"Whoa, horse," I said, and slid out of the saddle. I planned to lead him insideóhe should just about fitóbut just then a voice spoke over my shoulder.
"Where are you going, human girl?"
I nearly wet my knickers, it scared me so bad. I jumped a foot into the air, and swung around, leveling the rifle. A tall figure stood at the edge of the clearing, swathed and hooded in a long cloak that seemed to shimmer in the watery moonlight. All I could see of the person was a gleam of eyes deep in the hood, eyes that seemed to glimmer red in the greenish moonlight.
That could mean a demon. Wonderful. Out of the frying pan into the dragonís fire. We didnít see a lot of demons in the farm belt, they hang out in the volcanic zones by the lava, but sometimes they showed up to tempt humans. Normally, they leave us alone, but they liked human females. I wished Iíd brought Granddadís crucifix along.
"IóIím just about to turn in for the night." The first rule of meeting demons is never let them know youíre afraid. The second rule is demons donít always play by the rules.
The figure took a step or two forward. The reddish glow deepened, and I was sure I could see the long jutting muzzle and tapering horns of a demon. My bones turned to water. Max, sensing my unease, shifted and stepped on my foot.
"Ouch!" I jumped back from the stupid horse and got my back against the wall. But the figure had come fully into the light, and threw back its hood. What I had taken for a muzzle was simply a long jaw and aggressively thrusting nose. Bright eyes reflected the moons, but not in the reddish way Iíd thought Iíd seen. I gasped with relief. "Thank God, I thought you were aó"
"Never fear. Youíre safe enough here." The man laughed, exposing normal, white teeth, none of them sharpened or fang-like. He wasnít particularly handsome, with that long jaw and big nose, but I was just glad he didnít have pointed ears and horns. "My name is Clyde."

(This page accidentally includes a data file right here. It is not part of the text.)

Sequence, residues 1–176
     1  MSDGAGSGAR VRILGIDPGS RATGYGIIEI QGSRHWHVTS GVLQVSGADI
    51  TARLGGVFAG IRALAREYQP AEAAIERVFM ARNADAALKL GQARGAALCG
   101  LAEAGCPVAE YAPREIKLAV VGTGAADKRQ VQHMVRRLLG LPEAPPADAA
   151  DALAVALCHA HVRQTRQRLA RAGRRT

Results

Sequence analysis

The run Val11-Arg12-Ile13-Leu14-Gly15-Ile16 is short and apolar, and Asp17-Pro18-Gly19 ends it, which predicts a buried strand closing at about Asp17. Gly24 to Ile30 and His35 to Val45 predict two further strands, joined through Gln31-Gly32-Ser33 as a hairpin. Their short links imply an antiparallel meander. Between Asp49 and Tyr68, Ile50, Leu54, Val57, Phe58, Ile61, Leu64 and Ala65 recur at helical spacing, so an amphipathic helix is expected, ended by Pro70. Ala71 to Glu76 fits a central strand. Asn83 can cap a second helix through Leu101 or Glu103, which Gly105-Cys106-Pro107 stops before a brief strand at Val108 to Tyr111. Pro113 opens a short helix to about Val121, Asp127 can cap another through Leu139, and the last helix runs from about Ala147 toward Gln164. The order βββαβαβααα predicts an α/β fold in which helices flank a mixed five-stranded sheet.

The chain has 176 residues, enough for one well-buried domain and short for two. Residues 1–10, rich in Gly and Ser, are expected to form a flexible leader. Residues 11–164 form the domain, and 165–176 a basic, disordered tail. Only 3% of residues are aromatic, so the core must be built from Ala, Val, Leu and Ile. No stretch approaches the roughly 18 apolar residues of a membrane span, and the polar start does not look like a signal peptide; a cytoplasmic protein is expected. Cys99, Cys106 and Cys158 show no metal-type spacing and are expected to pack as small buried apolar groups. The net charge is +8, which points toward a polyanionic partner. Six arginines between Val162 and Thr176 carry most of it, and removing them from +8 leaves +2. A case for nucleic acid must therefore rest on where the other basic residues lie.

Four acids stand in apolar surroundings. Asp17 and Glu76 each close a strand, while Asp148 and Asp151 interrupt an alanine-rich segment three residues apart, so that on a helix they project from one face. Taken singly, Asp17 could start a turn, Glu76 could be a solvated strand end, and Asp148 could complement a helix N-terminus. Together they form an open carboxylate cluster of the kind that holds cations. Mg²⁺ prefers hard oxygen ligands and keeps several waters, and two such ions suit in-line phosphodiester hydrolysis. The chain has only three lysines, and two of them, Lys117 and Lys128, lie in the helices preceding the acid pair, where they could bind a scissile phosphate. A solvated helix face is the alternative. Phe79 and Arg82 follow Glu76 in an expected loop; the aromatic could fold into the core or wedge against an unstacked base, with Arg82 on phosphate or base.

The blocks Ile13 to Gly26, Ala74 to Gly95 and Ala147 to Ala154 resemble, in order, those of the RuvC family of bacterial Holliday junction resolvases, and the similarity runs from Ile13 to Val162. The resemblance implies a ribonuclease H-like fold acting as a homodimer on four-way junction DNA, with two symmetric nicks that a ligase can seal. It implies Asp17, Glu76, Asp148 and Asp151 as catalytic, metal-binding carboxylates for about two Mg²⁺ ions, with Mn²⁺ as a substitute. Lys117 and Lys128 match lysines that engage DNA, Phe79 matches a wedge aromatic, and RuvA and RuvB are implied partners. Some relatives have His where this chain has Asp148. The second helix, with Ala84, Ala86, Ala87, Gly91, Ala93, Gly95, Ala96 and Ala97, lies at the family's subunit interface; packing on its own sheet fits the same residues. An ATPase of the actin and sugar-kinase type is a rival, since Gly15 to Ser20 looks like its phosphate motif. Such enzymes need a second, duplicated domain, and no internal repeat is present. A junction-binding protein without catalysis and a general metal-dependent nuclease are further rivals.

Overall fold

"Darlene OíConnell." We shook hands. His was warm, but not demonically so. "Iím on my way to the fairy lands, on the other side of the forest. We have a pixie problem at our farm."
Clyde gently pushed me into the hut and led Max in behind us. "Yes, the forest is abuzz with your pixie plight. You forgot the rules."
"It was an accident." I sank down on the low wooden bench that ran three sides of the room, and pulled off my boots, one after another. It didnít strike me as odd that Clyde was also removing his shoes. I did furtively glance at his feet, but they were normal, five toes, no claws.
"The rules were, humans must dust their fields against pixies every autumn. Weíve heard through the grapevine you have quite an infestation." Clyde took off his shirt as he spoke, and I gazed admiringly at his muscular chest. I did wonder at the seamed-looking skin under his arms, but that thought didnít trouble me. My attention got directed downward as he slipped out of tight leather pants, and I saw he definitely wasnít a demon.
He reached over and pulled my tunic over my head, but it didnít occur to me to be embarrassed. "Yes, I need a fairy to come re-dust the field." I obligingly raised my hips as Clyde unbuttoned my jeans. "Iíll be leaving by dawn."
"No, you wonít," he said, pushing me down onto the floor and wrapping his cloak around us. "Youíll find the problem gone when you wake in the morning."
I thought I felt warm leathery wings enfold me as Clyde lay on top of me, but then the feelings left, and I was borne up on a tidal wave of warmth. The tricky greenish light washed me away and I slept.
Harsh sunlight glancing across my face woke me up. I lay on the stone floor of the hut, fully clothed, even to my boot-lacings. I sat up, and didnít feel sore or abused, and I was willing to pass off the night before as the imaginings of a tired mind.
Then I saw the feather. It was a long, metallic-green plume, scaled with tiny flakes of gold. Scrawled beside it on the stone floor, in fading golden script, I read, "Thanks for a wonderful night. The pixies should be gone. Clyde." Well, thatís what you get for breaking the rules, I thought. At least it hadnít been a demon. I saddled Max, and we cantered back home through the rising morning light.
When I got home, the pixies were gone. The boys told me what had happened the night before, but I could already guess. The dragon-seared swatch of earth wouldnít yield a lot this year or next, but we might get something we didnít expect off it in the fall. Dragons are unpredictable that way. But the farm was saved. We even got a late crop of flax off the main fields, and Pops sold the feather and bought an adjoining tract of land to plant more rapeseed. We made sure to dust this year.
Itís been almost a year since our pixie infestation. Nine months, to be precise. Pops was embarrassed at first, but heís happy for me now. Iíve been tied down in the house these last three months, my belly swollen to bursting with whatever Clyde left in me. Rayís guessing a baby, but Jimmieís hoping Iíll lay an egg. Me, Iíll just be happy if itís healthy and has two of everything itís supposed to have.
And once itís born, or hatched, Iíll take it out to the stone hut in the forest and let it meet its father. The custody arrangement should be interesting.